“Governments can err, Presidents can make mistakes, but the immortal Dante tells us, that Divine justice weighs the sins of the cold-blooded and the sins of the warm-hearted in different scales. Better the occasional faults of a government that lives in the spirit of charity than the consistent omissions of a government frozen in the ice of its own indifference. “
–President Franklin Roosevelt, speaking in 1936
FDR wasn’t the only US leader to warn against the sin of political indifference. His statement above echoes a passionate 1834 speech by Congressional leader Daniel Webster, urging positive government action to foster economic growth in the face of a stubborn recession.
“Who among the agents and servants of the people assembled in these Houses, is prepared, in the present distressed state of the country, to say, that he will oppose every thing, and propose nothing?” Webster thunders. Read the whole thing here.
In his attack on political indifference, FDR referred the Italian poet Dante’s Divine Comedy. But FDR could have just as well referred to a great American author, Edgar Allan Poe.
In 1842, Poe wrote a fascinating short story called The Masque of the Red Death, which is all about the dangers of political indifference.
It tells the saga of an arrogant, aloof leader, Prince Prospero, whose land is beset by a terrible plague. Rather than trying to find the origin of the plague, or assisting his people to survive it, Prospero hides out in a secure location with his closest friends and prepares to simply wait out the plague – totally unmoved by the plight of those outside. (Poe’s imagination reserves a fitting end for the Prince, which I won’t reveal here.)
But now to more contemporary concerns.
Is it fair to brand the Obama Administration as indifferent to the economic distress faced by Americans in 2010? President Obama does not seem personally indifferent in the same way as Poe’s Prospero – although his (since repudiated) remarks about people who “cling to guns or religion…or anti-immigrant sentiment or anti-trade sentiment as a way to explain their frustrations” come pretty close.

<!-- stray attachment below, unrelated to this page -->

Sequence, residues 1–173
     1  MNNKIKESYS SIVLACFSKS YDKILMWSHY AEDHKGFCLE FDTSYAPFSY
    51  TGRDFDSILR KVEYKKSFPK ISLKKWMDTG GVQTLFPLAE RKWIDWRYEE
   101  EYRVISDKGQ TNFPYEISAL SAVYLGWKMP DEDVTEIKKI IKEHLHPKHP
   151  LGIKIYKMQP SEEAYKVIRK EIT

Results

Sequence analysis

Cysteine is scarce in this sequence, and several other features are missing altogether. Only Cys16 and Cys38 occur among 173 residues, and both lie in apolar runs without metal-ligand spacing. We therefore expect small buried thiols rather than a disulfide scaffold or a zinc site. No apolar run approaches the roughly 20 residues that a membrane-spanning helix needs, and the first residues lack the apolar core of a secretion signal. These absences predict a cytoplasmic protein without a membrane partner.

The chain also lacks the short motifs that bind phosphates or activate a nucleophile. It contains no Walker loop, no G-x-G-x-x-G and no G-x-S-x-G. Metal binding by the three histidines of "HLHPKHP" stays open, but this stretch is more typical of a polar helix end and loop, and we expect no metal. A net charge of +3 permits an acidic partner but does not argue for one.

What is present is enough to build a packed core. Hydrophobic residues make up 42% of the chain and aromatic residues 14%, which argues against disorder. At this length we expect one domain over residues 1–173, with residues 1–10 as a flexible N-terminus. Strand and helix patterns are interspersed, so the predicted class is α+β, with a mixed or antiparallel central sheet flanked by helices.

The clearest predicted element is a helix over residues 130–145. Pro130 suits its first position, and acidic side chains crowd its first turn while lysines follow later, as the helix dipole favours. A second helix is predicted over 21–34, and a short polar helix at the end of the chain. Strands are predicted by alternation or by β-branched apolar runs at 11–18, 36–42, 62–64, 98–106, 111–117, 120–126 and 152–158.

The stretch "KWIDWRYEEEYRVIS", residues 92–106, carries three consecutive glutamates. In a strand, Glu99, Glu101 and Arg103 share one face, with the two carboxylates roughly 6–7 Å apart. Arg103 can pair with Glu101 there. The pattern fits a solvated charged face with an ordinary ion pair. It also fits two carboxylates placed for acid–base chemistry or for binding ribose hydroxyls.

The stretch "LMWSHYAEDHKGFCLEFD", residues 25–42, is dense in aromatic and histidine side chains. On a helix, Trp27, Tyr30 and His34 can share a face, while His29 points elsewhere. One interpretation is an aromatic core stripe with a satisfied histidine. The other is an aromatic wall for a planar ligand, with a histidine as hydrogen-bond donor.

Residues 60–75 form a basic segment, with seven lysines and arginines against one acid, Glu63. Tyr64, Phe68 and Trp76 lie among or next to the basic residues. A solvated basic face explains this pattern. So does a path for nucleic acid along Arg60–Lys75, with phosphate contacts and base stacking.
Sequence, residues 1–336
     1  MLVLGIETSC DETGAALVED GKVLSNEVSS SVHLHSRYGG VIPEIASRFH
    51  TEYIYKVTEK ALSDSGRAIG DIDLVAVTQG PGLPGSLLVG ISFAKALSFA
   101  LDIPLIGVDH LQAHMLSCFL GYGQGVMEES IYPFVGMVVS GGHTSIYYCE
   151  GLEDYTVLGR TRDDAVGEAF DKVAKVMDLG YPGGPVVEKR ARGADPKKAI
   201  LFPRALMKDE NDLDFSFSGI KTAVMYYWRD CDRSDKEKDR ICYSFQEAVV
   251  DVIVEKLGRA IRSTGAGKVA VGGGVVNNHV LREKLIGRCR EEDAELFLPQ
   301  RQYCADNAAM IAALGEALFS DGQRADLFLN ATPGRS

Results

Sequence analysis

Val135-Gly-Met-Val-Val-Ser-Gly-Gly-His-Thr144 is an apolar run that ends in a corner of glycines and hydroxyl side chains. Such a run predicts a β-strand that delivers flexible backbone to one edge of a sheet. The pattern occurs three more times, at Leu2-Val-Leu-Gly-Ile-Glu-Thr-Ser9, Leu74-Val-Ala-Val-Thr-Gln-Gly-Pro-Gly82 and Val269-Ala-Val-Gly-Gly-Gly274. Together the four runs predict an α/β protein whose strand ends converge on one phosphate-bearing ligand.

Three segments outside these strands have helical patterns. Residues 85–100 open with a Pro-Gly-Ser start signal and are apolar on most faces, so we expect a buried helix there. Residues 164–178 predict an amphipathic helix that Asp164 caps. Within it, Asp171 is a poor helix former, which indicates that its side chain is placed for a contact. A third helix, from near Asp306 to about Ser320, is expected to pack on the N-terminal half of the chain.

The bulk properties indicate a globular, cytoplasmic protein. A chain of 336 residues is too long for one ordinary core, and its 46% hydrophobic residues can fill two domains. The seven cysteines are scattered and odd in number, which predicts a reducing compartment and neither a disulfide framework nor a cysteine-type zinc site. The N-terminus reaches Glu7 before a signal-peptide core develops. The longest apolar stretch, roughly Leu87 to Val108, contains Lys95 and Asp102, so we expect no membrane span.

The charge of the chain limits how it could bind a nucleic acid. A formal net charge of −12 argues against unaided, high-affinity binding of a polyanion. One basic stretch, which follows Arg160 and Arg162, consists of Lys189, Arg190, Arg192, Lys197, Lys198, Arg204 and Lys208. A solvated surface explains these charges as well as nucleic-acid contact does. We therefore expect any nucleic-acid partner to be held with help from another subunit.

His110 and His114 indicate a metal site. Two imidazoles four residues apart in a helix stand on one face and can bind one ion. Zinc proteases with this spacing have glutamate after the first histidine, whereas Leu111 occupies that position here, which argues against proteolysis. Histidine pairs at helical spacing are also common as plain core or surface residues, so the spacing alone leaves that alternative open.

But I’m not sure the same can be said of his top economic advisors. On what are probably the three most important economic issues today — foreclosures, community bank failures and the difficulties facing US manufacturing (the most logical driver for an economic recovery) – the Obama Administration’s economic brain trust has content, in so many words and ways, to tell people to just wait things out.
These economic advisors are politically so out of touch that not even the prospect of a massive Democratic defeat in November can rouse them to action.
Their inaction may not reflect any personal indifference on the part of the President, but it passes for a fair imitation of the real thing. Imitation or not, the political price that the President will pay for his economic advisors’ indifference will be high.
After November, as FDR might say, President Obama may wish that he’d hired fewer “cold-blooded” advisors (like soon-to-depart National Economic Council head Larry Summers) and committed more “warm-hearted” mistakes.